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The quest to become a more effective ally of the Black community in the U.S. begins with an earnest attempt to understand the actual lived experience of African-Americans. There are many ways to do so. One is by watching one or more of the masterful films about Black lives and race in America. There are hundreds of them, and we have curated a list of 20 excellent films to start with. What movies are the best to watch to better understand Black lives in America and the corrosive effects of racism? These are our picks of 20 of the best, most insightful feature films and documentaries to watch made by and/or about African-Americans and the history of Black people in the U.S.

insightful feature films and documentaries about Black Americans

Many people are looking to educate themselves on the racism, discrimination and violence that Black people have endured for four centuries in the United States. While none of these problems are new, in recent years more people than ever seem to be open to trying to empathize, understand, learn and change. And of course, one of the best ways to walk in someone else’s shoes is through film.

These 20  films provide an informative and empathetic glimpse into the Black experience in America. And shed light on the ways in which the systems that we rely upon have been designed to systemically reward one group at the expense of all the others.

20 Feature Films and Documentaries Best about Black Americans and their history

Here are almost two dozen of the many outstanding and insightful documentaries and feature films that are a good place to start if movies are one of the entry points you find most helpful when trying to understand what it really means to be Black in America.


1. 13th

13th is quite possibly the single most important movie to come out of the last decade. Directed by legendary filmmaker Ava DuVernay, the documentary traces a devastating line through America’s history, connecting the dots of systemic racism all the way from the Civil War through the moment of Trump’s ascension to the Presidency.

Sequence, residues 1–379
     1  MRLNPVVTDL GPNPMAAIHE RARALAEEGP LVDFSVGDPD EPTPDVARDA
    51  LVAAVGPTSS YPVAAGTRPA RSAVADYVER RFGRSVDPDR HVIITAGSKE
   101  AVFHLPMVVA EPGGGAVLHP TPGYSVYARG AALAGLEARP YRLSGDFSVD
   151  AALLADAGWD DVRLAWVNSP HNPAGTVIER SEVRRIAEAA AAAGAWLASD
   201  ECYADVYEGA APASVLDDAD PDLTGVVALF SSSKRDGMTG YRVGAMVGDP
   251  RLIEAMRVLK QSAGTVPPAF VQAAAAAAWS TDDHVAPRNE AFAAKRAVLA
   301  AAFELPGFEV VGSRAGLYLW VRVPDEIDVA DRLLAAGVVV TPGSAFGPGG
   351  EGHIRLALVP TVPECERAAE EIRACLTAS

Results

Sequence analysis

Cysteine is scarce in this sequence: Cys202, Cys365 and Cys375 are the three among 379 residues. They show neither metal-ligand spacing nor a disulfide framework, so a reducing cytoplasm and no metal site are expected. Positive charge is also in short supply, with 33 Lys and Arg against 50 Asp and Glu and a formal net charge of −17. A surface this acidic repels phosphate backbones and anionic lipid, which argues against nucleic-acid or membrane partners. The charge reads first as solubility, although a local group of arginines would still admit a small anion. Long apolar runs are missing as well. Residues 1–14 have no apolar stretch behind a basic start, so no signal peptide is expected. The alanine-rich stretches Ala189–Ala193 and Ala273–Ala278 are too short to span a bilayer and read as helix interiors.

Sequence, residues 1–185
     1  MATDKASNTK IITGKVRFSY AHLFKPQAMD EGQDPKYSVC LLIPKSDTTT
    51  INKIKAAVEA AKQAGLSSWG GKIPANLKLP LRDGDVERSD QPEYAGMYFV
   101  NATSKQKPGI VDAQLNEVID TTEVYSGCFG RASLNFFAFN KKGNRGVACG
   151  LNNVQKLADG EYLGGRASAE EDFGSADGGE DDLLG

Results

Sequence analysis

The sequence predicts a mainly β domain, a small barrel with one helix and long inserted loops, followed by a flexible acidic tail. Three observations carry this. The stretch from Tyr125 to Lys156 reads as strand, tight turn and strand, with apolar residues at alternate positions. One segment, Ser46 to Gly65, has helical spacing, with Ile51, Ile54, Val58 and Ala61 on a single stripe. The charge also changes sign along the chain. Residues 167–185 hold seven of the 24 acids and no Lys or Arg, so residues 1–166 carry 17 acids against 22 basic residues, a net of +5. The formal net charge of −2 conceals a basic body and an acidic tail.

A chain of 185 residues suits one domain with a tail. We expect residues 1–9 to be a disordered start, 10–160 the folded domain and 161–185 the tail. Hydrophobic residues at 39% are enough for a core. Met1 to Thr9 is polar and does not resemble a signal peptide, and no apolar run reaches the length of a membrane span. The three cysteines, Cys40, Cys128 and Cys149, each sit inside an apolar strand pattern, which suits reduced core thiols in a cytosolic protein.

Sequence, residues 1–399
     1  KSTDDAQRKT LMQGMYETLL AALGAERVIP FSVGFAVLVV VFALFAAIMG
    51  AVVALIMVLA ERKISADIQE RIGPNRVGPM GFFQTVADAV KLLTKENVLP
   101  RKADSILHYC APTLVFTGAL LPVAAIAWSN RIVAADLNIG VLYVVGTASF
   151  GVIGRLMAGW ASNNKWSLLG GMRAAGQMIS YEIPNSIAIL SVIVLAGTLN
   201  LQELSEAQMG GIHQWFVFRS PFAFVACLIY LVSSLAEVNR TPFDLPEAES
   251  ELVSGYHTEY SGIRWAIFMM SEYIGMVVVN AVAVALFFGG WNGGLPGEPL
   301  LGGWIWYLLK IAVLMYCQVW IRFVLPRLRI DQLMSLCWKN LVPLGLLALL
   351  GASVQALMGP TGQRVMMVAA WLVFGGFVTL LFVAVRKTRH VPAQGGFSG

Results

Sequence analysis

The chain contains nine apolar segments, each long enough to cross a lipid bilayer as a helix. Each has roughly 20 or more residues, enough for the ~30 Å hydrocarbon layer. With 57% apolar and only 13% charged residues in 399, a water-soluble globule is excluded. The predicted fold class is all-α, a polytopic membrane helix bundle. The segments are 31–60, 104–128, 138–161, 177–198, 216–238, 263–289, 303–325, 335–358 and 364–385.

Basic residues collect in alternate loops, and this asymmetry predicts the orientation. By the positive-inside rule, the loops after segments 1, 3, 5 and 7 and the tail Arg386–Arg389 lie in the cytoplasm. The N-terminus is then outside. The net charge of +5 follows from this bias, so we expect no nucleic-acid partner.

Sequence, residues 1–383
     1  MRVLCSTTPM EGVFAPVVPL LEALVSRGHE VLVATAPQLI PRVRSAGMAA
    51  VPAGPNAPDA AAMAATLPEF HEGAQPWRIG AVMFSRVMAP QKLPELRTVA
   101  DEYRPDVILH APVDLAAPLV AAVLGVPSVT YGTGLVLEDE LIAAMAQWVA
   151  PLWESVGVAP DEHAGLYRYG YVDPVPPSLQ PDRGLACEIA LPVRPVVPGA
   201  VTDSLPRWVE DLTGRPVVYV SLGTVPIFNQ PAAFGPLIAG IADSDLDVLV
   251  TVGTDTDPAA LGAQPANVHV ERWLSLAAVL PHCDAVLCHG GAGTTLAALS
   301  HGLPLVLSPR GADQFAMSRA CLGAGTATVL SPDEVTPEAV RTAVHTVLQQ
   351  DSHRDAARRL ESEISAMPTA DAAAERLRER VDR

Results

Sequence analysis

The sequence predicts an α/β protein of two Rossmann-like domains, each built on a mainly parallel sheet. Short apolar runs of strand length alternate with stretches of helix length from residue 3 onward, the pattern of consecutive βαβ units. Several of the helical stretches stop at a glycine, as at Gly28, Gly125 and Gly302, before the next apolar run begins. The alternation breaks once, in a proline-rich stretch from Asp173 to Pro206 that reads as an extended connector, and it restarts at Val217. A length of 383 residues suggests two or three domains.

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Consider it an Oscar-nominated crash course in America’s prison industrial complex, and the way in which systems like this one simply replaced slavery as methods of racial control in the United States.  If you haven’t already seen this one, make it your first watch from this list.

Where to Watch: Netflix

2. The Black Panthers : Vanguard of the Revolution

Directed and written by Stanley Nelson Jr, this documentary about the foundation of the Black Panther Party premiered at Sundance in 2015.

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With a combination of interviews and archival footage, it offers a comprehensive view of the party’s birth and rise, showing the obstacles they met in their struggle for systemic revolution. It offers a necessary history lesson on the Party, which has so often been mischaracterized in later accounts.

Where to Watch: Amazon Prime and Apple TV

3. I  Am Not Your Negro

Samuel L. Jackson narrates an unfinished essay from James Baldwin, called Remember This House. It’s a searing and poignant account of the author’s relationships with Malcolm X, Martin Luther King Jr. and Medgar Evers.

best films black lives matter

Getting to hear Baldwin’s words read aloud in this way, illuminated by news clips and images, is an incomparable experience. We are lucky to have his perspective on America to inform us.

Where to Watch: Max and Kanopy

4. LA 92

Daniel Lindsay and T.J. Martin have directed an unforgettable documentary, putting archival footage of the 1992 Los Angeles riots together with footage of other related rebellions and politicians’ responses.

There is a particular power in documentaries that do not include any voiceover or commentary, and here the directors have simply allowed the raw moments that the camera captured to speak for themselves.

Where to Watch: Apple TV, Direct TV, and Vudu

5. Whose Streets?

There could not be a more appropriate film to watch right now. Directed by Sabaah Folayan, this vital documentary covers everything about the 2014 uprising in Ferguson, Missouri, in the aftermath of the murder of Michael Brown.

best movies black lives matter

One of the best films about black lives and the corrosive impact of race in America: Whose Streets? Courtesy Photo.

Watch it to understand the ways in which, all around the United States, racism has not only not gone away.  It has really never changed much at all.

Where to Watch: Kanopy and Max

6. When They See Us

Though Ava DuVernay’s When They See Us is a miniseries and not a movie, it is essential enough viewing that it merited inclusion here.

best movies black lives matter